I've developed this code:

`function Sort(ar, num)`

-- sorts a 0-indexed array into order, and returns the sorted array

-- inputs are (array to be sorted, number of elements to sort)

-- typically inputs will be like: myarray = Sort(myarray, # myarray)

-- Lua is stupid and sorts tables from 1-to-arraylength instead of indexing from 0 like any sensible language

-- so we must copy the incoming array to a temporary renumbered array.

temp = {}

for i = 1,num+1 do

temp[i] = ar[i-1]

end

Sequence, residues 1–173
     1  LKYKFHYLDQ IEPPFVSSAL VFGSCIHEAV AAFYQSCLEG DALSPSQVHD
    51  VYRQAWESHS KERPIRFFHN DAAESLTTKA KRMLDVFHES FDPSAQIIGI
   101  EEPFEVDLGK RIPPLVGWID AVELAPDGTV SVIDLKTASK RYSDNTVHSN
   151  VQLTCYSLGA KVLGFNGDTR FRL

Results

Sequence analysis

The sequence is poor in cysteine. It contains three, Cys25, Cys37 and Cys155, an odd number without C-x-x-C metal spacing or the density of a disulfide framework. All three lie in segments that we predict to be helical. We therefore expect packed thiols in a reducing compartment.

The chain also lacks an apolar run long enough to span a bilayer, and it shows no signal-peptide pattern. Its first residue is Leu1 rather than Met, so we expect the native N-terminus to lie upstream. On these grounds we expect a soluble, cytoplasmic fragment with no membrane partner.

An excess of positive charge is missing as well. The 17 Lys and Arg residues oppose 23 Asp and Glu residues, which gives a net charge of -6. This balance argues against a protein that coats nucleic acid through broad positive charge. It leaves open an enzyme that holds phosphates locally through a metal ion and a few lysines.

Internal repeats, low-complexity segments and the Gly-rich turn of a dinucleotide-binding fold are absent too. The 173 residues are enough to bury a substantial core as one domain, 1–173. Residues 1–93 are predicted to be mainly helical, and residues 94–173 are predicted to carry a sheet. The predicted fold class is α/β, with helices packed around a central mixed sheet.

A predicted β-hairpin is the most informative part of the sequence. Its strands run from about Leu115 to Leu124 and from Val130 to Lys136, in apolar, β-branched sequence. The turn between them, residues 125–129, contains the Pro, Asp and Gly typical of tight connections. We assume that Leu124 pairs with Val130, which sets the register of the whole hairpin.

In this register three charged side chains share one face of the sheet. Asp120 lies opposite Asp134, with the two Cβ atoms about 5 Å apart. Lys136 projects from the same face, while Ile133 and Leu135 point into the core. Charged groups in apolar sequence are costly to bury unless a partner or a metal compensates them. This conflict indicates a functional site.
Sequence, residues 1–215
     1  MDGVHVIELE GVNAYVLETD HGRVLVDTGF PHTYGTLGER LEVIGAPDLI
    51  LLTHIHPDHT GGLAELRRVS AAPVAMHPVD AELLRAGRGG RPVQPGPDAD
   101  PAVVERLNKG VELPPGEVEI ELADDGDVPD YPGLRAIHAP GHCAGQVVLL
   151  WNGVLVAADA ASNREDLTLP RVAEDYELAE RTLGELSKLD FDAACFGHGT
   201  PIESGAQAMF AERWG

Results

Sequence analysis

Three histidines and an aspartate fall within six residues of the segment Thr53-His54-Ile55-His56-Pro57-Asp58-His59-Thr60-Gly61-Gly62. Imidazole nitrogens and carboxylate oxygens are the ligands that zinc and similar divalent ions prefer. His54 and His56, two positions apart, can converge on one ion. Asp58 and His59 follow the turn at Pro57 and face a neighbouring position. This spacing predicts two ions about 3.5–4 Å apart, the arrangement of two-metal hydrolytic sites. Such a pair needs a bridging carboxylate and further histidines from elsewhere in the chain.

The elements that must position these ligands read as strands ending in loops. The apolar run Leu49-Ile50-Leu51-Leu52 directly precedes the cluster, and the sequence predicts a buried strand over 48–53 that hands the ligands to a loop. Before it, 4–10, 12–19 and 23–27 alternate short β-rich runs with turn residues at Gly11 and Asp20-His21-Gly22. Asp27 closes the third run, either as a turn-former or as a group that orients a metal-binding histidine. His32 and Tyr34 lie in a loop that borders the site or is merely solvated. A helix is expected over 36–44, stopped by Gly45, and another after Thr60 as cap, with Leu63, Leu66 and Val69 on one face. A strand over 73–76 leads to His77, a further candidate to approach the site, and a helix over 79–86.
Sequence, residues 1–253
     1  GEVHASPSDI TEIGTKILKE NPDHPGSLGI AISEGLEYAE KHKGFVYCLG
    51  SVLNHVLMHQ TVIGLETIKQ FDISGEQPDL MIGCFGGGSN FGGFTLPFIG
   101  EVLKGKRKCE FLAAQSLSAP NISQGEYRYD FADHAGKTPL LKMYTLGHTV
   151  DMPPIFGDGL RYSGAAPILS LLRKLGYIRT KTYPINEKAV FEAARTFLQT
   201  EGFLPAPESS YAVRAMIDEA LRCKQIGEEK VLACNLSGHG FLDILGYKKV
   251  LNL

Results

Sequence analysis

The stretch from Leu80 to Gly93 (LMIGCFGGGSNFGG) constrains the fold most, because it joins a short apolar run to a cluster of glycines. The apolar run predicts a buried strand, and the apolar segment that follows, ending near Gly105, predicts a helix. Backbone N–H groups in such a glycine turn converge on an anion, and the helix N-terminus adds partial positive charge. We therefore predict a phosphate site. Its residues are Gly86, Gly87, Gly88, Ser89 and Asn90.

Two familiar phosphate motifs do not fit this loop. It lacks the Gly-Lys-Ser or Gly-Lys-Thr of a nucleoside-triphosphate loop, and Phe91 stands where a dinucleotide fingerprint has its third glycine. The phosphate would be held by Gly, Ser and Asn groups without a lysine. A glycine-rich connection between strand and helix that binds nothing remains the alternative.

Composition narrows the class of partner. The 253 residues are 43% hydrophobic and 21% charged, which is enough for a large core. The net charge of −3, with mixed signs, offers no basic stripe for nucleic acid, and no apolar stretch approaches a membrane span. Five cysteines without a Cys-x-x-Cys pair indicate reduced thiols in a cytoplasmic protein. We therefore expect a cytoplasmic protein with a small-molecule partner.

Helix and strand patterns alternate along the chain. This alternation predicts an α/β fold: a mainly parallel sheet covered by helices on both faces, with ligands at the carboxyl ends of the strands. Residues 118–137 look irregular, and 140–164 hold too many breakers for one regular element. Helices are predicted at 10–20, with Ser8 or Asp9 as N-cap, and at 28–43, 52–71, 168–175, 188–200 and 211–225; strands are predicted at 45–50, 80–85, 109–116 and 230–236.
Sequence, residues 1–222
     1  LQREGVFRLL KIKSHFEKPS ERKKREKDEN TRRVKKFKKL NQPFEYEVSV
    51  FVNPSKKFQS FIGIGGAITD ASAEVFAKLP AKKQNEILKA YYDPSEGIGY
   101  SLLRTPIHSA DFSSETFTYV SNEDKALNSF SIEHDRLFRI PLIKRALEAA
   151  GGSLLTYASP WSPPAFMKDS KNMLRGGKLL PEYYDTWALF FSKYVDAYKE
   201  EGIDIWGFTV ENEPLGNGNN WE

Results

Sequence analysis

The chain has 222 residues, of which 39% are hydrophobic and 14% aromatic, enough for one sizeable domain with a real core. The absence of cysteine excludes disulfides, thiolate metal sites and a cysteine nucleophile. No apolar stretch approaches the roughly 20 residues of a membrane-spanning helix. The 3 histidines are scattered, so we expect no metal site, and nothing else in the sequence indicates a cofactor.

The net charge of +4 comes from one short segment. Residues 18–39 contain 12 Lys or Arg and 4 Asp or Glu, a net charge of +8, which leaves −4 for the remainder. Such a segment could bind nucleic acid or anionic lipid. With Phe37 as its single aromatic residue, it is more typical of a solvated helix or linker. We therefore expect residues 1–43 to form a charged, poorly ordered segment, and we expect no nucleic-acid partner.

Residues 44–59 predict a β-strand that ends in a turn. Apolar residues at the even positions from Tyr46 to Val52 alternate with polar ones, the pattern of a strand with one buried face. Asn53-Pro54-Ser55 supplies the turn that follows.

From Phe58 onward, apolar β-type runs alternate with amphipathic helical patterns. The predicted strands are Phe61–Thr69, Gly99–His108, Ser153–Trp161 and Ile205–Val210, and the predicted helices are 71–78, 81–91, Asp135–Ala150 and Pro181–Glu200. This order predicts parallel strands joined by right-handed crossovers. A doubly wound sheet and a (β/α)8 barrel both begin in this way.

-- copied to temporary array

-- now sort

table.sort(temp)

-- sorted. now copy back to real array

for i = 1,num+1 do

ar[i-1] = temp[i]

end

return ar

end

Also tonight I learned a useful feature of lua. If you write something like:

x = # myarray

then x is now equal to the length of the array!

So for example, you can do:

`for ID = 0, # myarray`

myarray[ID] = nil

end

That would find all existing entries in the array and set them to nil.

# <array> returns the length of the array.

If you have elements [0 ], [1], and [2], using # array will return 2. If you just have elements [1] and [2] then it will still return 2. It seems to start counting from 1..